The explosion of interest in sports betting and online gaming, coinciding with the reopening of society after the pandemic, has sparked a surge in advertising dollars and viewership of athletics. The Olympic Games, which will be held next month, will ride that wave of popularity as people in the U.S. return to normalcy and their passionate expression of fanaticism around their favorite sports and teams.
This week, Nielsen released data from their most recent survey on sports betting in the United States. That data reveals trends that the industry will certainly be paying attention to as legalized betting grows in the country.
Here are five takeaways from Nielsen’s latest data:
1. NHL Fans Show Most Interest In Betting
It’s long been theorized that hockey fans are the most passionate and loyal sports fans. This may be supported by data from Nielsen Fan Insights, which found that 62% of self-identifying NHL fans in the United States say they are interested in sports betting. Compare that to 57% for fans of the NBA, 52% for MLB fans, and 48% for fans of the National Football League.
Capitalizing on the interest in the NHL by fans of the game, the league has entered into several deals that promote sports betting and online sports betting. For example, earlier in 2021, PointsBet forged a multi-year partnership making them an official sports betting partner of the NHL. Earlier this month, BetMGM announced that iconic hockey legend Wayne Gretzky had agreed to become a brand ambassador for the company.
2. Soccer And Golf Fans Are Eager To Wager On Their Favorite Sports
Nielsen asked sports fans in states where they cannot bet, how likely they are to bet on their favorite sport if sports betting was legalized. People who identified as fans of MLS ranked highest at 53% saying they were very interested in betting on that sport. Golf fans were next at 52%. Overall, 25% of sports fans in states where they cannot bet legally on sports, said they were very interested in doing so when and if it is legalized.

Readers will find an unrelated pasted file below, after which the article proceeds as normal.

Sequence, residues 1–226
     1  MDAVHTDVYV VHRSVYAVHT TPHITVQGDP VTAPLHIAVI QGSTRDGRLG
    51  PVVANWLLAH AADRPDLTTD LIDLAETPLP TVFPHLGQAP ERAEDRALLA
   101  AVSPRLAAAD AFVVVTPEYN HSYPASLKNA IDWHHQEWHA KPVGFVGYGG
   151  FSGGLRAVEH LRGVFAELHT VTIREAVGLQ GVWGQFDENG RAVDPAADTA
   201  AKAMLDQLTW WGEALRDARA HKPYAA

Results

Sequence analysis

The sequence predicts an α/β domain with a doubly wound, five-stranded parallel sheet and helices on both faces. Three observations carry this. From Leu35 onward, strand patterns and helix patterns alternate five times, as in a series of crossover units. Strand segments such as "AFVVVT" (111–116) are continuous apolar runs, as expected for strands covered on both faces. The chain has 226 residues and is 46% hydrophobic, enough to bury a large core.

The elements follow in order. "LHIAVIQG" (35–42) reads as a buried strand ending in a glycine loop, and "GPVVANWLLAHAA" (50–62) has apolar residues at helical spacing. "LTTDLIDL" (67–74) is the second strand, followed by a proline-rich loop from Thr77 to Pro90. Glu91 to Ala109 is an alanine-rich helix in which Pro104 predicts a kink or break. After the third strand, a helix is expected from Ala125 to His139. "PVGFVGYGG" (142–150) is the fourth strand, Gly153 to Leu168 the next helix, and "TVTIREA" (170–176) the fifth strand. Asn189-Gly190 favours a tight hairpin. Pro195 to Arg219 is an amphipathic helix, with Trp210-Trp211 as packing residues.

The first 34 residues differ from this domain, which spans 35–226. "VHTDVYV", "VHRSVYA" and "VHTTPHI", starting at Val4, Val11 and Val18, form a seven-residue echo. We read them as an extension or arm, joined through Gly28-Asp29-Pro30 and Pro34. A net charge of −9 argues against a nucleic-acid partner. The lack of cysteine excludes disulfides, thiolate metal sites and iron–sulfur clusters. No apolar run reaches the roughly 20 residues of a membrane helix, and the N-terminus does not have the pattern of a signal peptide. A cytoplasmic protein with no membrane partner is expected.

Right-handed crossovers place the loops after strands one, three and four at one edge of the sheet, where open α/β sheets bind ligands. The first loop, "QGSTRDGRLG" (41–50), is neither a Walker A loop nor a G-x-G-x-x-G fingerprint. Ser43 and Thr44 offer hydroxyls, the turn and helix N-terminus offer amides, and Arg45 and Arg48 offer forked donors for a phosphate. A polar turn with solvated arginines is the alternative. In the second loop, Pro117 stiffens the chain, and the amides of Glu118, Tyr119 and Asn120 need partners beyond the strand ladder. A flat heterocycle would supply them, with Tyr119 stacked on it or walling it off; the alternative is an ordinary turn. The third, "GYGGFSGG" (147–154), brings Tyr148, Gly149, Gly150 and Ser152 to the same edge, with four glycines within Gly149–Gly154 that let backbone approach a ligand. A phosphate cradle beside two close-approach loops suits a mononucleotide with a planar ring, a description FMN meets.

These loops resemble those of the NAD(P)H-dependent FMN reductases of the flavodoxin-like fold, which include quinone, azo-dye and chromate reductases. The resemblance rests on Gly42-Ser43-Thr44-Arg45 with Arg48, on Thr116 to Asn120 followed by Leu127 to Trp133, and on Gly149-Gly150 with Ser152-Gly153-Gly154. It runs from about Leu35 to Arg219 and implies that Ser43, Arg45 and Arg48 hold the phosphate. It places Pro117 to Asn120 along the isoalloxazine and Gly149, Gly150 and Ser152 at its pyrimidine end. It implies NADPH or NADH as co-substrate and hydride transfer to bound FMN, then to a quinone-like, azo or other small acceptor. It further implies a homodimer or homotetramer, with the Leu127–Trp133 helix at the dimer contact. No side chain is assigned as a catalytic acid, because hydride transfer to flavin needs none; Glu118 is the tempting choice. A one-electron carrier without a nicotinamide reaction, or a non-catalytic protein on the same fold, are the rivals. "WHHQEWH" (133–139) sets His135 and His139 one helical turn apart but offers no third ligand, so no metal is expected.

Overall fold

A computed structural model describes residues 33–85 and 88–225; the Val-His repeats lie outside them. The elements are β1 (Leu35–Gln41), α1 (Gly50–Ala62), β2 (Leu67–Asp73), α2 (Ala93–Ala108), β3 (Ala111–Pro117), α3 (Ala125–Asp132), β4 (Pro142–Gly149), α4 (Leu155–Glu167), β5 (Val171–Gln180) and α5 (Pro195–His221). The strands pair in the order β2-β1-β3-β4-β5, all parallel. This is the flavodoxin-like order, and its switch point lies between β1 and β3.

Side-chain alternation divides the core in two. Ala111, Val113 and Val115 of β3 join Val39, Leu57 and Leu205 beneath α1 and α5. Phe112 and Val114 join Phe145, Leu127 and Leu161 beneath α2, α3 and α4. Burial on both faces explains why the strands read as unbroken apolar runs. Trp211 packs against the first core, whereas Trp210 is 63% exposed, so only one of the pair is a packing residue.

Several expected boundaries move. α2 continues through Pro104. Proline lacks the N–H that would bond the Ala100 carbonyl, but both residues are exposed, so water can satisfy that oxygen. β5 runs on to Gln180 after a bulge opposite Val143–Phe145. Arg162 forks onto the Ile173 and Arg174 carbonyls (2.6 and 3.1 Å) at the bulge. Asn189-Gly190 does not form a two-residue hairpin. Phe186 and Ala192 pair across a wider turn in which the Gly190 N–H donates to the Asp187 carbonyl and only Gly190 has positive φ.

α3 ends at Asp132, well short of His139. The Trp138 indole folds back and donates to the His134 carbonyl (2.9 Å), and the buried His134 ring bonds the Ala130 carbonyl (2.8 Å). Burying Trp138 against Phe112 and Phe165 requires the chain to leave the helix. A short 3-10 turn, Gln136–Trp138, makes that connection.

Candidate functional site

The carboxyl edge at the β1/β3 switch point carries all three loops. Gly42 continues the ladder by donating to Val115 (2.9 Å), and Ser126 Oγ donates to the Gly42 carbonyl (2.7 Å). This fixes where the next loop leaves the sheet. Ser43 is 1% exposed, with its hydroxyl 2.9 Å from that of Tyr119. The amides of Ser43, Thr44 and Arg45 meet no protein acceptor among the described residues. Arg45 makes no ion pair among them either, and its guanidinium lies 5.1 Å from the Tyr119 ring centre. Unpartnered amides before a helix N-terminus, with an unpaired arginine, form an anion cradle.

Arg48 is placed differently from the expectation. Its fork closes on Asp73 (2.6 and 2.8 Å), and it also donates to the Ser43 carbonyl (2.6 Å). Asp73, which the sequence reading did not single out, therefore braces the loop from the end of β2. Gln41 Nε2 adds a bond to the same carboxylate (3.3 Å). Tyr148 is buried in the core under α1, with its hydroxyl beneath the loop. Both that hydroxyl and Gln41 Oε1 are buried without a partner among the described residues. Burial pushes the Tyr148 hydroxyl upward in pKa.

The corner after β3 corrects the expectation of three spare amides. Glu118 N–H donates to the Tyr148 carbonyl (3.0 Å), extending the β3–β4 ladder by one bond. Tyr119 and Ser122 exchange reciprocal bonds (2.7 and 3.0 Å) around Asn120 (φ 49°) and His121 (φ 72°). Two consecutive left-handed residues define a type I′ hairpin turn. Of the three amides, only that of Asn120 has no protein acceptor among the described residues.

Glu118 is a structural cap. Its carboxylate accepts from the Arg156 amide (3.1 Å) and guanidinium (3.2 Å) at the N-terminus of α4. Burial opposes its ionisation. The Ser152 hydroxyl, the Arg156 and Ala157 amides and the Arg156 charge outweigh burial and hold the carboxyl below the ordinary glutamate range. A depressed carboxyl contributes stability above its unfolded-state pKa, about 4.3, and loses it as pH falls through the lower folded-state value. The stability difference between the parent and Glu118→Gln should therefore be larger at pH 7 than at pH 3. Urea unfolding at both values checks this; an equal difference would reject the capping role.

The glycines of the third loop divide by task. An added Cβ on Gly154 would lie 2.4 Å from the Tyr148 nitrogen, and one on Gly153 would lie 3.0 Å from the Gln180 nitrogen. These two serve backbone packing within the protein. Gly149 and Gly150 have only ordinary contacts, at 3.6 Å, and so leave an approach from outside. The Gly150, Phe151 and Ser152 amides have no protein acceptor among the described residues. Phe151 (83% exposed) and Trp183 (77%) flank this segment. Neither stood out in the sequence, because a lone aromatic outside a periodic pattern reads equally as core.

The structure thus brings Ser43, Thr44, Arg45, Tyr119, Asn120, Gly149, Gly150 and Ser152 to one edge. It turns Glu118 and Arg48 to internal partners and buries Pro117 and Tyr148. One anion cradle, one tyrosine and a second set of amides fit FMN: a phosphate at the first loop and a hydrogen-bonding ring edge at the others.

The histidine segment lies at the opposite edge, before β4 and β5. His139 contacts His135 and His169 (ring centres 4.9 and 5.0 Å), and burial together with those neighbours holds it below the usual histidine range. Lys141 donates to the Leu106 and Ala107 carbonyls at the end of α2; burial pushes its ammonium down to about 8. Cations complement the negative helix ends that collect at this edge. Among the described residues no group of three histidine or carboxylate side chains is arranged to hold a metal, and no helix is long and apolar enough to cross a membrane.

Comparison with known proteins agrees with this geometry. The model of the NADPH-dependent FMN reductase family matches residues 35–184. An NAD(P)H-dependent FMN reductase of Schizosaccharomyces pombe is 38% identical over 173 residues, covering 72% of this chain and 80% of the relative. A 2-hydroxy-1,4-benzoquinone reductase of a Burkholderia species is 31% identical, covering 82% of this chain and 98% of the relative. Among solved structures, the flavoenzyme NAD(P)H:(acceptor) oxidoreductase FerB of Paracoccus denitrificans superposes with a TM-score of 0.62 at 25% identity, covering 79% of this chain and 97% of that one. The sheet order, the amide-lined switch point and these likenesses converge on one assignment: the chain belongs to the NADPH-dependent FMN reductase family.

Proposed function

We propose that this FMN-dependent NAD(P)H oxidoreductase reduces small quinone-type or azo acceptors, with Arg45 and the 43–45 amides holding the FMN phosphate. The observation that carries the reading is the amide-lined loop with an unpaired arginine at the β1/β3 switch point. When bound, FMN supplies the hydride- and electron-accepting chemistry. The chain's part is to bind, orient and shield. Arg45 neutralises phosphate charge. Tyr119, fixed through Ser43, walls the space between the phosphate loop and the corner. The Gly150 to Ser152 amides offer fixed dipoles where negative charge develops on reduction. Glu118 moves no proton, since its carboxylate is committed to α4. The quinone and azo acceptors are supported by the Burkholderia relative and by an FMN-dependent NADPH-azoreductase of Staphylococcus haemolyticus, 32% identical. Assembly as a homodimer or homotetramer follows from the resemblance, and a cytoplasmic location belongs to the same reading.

3. NFL Fans Are Least Likely To Be Interested In Betting Online On Their Sport
The NFL has long been the most popular spectator sport in the U.S., whether based on revenue, TV viewership, television contracts, licensed sales of merchandise, or by those surveyed. But, it may be surprising to learn that, according to Nielsen, fans of the NFL are least likely to be interested in online sports betting (48% compared to over 50% for fans of the NBA, MLB, and NHL).
I’d presume that this trend is an indication that the NFL and other “major” pro sports have more casual fans than the NHL (which leads in sports betting interest among fans at 62%). Casual fans are probably less likely to want to wager on their favorite sport than a hardcore fan would.
4. High Income Families Are More Interested In Sports Betting
Respondents that indicated they had a household income at or exceeding $125,000 annually were more likely to be very interested in online sports betting than the general population of the U.S., according to Nielsen.
5. Online Sports Betting Advertising Is Quickly Blanketing The Market
According to Nielsen, online sports betting advertisements now rank 11th among the 1,200 product categories the ratings service tracks, in terms of television advertising dollars. This accounts for 2.1% of all TV ad dollars thus far in 2021.